The Baker, The Butcher and The Brewer, Part Three – The Butcher 10

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He never met Harry again. And that pending favor was still hanging over his head. Over time its weight faded and was nearly forgotten. No one seemed to know Harry or his work. But! He was there in the poisonous darkness.

The blue room and the twins felt like chocolate sauce on a chocolate sundae. The Butcher fell asleep like a predator that has just eaten a baby gazelle in front of her mother. Two baby gazelles. Those light girls surely drunk quite heavy. He remembered when they finished the first bottle of vodka. He remembered them pouring the second one on his face, he remembered feeling invincible. After that he only remembered the noise of a thousand air-conditioning units silencing the world. He was hanging from the window of the blue room gasping for air. The dull blue light leaked into the world. Shades of black, abstract and normal mind. The twins were still working their tongues on his body. He remembered thinking they must pay them really well and then rejecting that and re-decided that they must be enslaved with fear. He remembered the red, green, yellow and blue strings of lights from a distant window telling him it was the holidays. The rest of the night was like a flat line accompanied by a beeping sound.

He woke up in his own bed with no recollection of how he got there. There was a tiny black envelope on his bedside table. He was hoping it was from the twins.

Instead it was from Harry and said that his business had been initiated and he would receive a phone call Monday morning. That was the best news he had had in all his life. Behind his smile he felt alive. There was no sign of the twins, he was in a fresh set of pajamas. He assessed his condition and realized that he had been showered and his teeth had been brushed. He felt great. His sight fell on a shiny bottle of vodka with a pink ribbon and a greeting card. It read that he had been well hydrated and vitaminized signed The Twins. That was Harry’s work. He didn’t leave anything to chance. It was scary how detailed his filthy world was.

The Butcher called in sick, took a sip on the vodka and took his pants off. For a first time in his life he felt he had achieved something worth celebrating and he would continue the festivities till Sunday.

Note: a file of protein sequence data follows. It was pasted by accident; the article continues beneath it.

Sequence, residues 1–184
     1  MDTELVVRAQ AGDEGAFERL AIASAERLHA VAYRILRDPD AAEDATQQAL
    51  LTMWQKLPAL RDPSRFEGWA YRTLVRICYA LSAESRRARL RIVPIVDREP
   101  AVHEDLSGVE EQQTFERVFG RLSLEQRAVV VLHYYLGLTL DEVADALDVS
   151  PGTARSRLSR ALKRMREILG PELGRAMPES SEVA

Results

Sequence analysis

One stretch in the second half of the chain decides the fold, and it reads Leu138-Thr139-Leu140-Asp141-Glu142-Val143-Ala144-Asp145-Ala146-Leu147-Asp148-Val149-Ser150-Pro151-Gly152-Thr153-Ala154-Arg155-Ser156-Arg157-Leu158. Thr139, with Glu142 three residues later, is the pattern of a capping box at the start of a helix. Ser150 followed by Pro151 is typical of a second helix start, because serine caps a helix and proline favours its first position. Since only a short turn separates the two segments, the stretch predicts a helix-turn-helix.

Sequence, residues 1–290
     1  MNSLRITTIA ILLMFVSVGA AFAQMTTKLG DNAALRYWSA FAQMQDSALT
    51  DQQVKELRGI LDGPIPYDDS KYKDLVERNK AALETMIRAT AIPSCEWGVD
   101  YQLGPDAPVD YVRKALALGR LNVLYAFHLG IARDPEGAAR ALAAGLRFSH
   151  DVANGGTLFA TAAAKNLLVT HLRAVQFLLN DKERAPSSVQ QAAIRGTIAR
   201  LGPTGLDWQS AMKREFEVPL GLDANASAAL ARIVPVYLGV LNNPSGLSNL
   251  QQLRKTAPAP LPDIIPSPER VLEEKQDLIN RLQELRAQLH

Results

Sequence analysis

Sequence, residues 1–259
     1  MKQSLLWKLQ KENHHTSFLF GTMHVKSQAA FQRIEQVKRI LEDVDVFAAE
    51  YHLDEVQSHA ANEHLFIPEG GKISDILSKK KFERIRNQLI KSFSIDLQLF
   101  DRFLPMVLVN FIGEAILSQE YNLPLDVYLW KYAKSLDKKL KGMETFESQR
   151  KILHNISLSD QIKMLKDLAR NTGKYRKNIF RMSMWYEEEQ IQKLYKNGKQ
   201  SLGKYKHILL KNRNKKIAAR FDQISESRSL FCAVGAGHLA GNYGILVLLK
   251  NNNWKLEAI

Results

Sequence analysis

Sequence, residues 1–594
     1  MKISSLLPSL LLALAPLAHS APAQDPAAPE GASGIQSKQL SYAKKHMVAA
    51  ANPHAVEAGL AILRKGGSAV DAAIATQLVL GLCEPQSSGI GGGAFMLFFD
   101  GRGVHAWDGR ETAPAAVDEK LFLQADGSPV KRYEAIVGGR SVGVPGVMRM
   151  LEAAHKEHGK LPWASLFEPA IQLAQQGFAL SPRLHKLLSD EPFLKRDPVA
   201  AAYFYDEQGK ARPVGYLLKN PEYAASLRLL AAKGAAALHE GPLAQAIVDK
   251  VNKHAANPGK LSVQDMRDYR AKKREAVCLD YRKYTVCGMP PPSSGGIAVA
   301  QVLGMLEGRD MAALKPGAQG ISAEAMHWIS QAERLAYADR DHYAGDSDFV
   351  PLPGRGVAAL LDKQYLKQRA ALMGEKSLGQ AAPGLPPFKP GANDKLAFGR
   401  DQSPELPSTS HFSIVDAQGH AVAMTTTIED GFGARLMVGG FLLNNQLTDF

He had been initiated into the world of black magic.

He was lying in bed tasting the success in his spit. He noticed the ficus tree in the corner. He never thought about it before. It was older than him he had heard its keeper saying. There was a person working in the house whose sole job was to dust its leaves, trim, water and talk to it. The sheltered plant that has grown under the roofs of men over forty years had something to say. The ficus was manifesting its opinion through the purpose of its existence. Beautiful long philosophy of life unchanged by gain or loss. Taking in the sun and carbon dioxide and releasing oxygen for every living organism. For a moment the Butcher wished he were as happy as a ficus. Just for a moment. He paused. Being a man was greater. But! Did greater mean happier! Probably not. Sip on the vodka. He ordered pork chops to make himself happy.

Happier. Ficuses can’t eat pork chops. Argument won.

Anything was permitted where the rainbow ends.

The bed sheets were so soft where the rainbow ends.

The vodka was… No.

The housekeeper came in without knocking as instructed carrying his steaming pork chops. No potatoes.

She had always had the face of a raped panda. Those innocent grey eyes softly blinking in defenseless submission to life. He knew a little bit about her. She had been raised as an outsider child. She hadn’t had a childhood instead she was cradled in a rocky bed far from the fire of a shared family life. She loved her mother that was no longer with the family. Her father she loved and she hated. She could never let him close any more. She wanted but she couldn’t. Someone had to pay for her lost childhood. He had paid as far as the Butcher had heard with a liver failure and other complications caused by solving his troubles with whiskey. Vodka was a much healthier alternative. Relatively speaking.

In his frolic ecstasy he realized that he liked to explore people with sad faces, with pain in their eyes. The ones that look at the world through the grey lenses of pain. (His wife, her mother… the list was long.) There was a profound beauty in pain and tormented souls. Maybe he saw it that way because he didn’t have enough pain in his or because he perceived pain differently, he didn’t mind it. He was not like the cats that are afraid of the grill because it was too hot.

His religion is selfishness. Whose was not!

‘Pork chops in bed, that’s what they serve in paradise. My private sad angel gently lowered them in my lap without even forcing a smile. I looked at her with a cold heart and a tired face.’

‘Anything else sir?’ She uttered.

‘Why are you so miserable all the time, Anna?’ He remembered her name.

‘To feel love is to experience pain.’ She said with a calm voice and great diction.

‘Love! Tell me more.’ He pulled himself up and managed a clumsy grin.

 

next chapter: The Baker, The Butcher and The Brewer, Part Three – The Butcher 11

previous chapter: The Baker, The Butcher and The Brewer – Part Three – The Butcher 9

all chapters: The Baker, The Butcher, and The Brewer

more by PETER ODEON

photograph by Matthew Brodeur

 

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